- Poster presentation
- Open Access
Ultrasound-mediated delivery of brain-penetrating nanoparticles across the blood-tumor barrier
© Timbie et al; licensee BioMed Central Ltd. 2015
- Published: 30 June 2015
- Tumor Region
- Tracer Particle
- Fluorescent Tracer
- Healthy Brain Tissue
- Peak Negative Pressure
The intact blood-brain barrier (BBB) presents a major obstacle for drug delivery to the brain. In addition, both high interstitial pressure and a nanoporous electrostatically charged tissue composition, produce a “blood-tumor barrier” (BTB), further complicating the treatment of diseases like glioblastoma. Focused ultrasound (FUS) in conjunction with microbubbles (MB) has been shown to cause reversible, localized disruption of the BBB. Incorporating MR guidance with FUS offers the ability to exquisitely target the BBB disruption to specific regions of the brain, thereby permitting drug delivery in a highly localized manner. This work examines the ability of MR guided FUS to deliver highly specialized brain-penetrating nanoparticles (NP) across both the BBB and the BTB in tumor-bearing rats. NPs were 60 nm in diameter and covered with an exceptionally dense brush layer of PEG to permit excellent diffusion through brain tissue. Initial studies utilized fluorescent polystyrene tracer particles to measure NP delivery and inform dosing of cisplatin-loaded biodegradable NPs.
One to two weeks prior to FUS treatment, 160-170 g rats were inoculated intracranially with luciferase-transfected 9L cells. On the day of treatment, the heads of the anesthetized rats were depilated and positioned in a degassed water bath coupled to the FUS system. Rats received an intravenous co-injection of NPs and MBs 30 seconds before sonication. All sonications were performed using a 1.14 MHz single element focused transducer operating at a 0.5% duty cycle for 2 minutes. Peak negative pressure was 0.6 MPa. High resolution contrast-enhanced MR images were utilized to visualize the tumor region and place sonication focal points with high accuracy. Targets were chosen to cover the entire tumor region as well as the immediate tumor periphery, thereby disrupting both the BTB and the intact BBB. Immediately following sonication, MRI contrast agent was delivered intravenously and T1-weighted contrast enhanced MRI images were captured to verify BBB disruption. Animals were recovered and monitored for 1hr-2 weeks post treatment. In animals receiving fluorescent tracer NPs, brains were perfused with 2% heparinized saline, dessicated and cryosectioned. Mounted sections were stained with BS-I lectin to reveal endothelial cells (ECs) and imaged with fluorescent microscopy. In animals receiving drug-loaded NPs, tumor growth post treatment was measured using IVIS.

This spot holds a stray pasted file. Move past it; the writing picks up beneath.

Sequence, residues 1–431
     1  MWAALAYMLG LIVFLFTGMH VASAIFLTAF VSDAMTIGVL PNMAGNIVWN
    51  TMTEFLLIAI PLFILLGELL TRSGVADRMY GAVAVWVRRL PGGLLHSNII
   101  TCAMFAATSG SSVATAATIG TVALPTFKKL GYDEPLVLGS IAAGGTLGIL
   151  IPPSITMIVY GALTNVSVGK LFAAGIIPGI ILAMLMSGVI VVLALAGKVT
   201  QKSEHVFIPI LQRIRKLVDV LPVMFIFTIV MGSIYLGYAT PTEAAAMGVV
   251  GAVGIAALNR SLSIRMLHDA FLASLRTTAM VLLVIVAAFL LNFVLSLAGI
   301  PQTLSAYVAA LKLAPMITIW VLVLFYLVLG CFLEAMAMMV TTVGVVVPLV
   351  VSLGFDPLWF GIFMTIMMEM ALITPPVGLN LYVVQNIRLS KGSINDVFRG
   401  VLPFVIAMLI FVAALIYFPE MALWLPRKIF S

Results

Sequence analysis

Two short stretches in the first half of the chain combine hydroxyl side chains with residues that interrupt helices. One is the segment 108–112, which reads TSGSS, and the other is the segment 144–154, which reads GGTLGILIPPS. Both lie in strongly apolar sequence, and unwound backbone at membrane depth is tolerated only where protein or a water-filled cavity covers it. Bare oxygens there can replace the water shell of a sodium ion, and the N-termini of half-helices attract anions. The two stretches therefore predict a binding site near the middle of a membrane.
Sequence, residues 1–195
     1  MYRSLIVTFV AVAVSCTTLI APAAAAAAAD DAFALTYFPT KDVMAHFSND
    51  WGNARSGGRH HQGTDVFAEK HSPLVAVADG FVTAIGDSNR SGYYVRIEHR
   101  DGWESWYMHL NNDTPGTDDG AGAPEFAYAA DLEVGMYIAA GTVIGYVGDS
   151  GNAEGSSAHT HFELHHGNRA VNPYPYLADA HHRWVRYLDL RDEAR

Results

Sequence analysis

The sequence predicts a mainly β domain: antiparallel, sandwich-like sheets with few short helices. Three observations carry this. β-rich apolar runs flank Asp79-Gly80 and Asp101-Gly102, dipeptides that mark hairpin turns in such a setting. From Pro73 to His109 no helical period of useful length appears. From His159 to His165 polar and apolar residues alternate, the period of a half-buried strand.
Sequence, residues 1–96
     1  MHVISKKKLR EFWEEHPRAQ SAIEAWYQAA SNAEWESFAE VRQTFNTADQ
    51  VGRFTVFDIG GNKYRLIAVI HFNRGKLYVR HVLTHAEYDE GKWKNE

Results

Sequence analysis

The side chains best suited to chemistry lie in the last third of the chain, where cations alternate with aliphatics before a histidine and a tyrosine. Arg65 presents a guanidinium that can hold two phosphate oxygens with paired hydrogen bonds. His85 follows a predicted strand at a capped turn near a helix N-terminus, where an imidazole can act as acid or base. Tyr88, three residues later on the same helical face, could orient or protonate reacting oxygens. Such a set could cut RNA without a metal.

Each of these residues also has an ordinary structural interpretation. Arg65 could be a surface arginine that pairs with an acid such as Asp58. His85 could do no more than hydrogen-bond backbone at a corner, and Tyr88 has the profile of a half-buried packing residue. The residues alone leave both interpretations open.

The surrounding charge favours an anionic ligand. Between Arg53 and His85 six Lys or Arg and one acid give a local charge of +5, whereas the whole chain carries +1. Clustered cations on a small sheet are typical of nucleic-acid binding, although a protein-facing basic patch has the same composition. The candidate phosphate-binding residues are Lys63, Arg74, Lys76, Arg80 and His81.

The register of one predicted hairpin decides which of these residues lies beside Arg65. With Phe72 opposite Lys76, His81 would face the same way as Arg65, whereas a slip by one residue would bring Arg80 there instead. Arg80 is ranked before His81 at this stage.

Supported by the UVa Cardiovascular Research Center Training Grant, the Focused Ultrasound Foundation and NIH R01 CA164789.
This article is published under license to BioMed Central Ltd. This is an Open Access article distributed under the terms of the Creative Commons Attribution License (http://creativecommons.org/licenses/by/4.0), which permits unrestricted use, distribution, and reproduction in any medium, provided the original work is properly cited. The Creative Commons Public Domain Dedication waiver (http://creativecommons.org/publicdomain/zero/1.0/) applies to the data made available in this article, unless otherwise stated.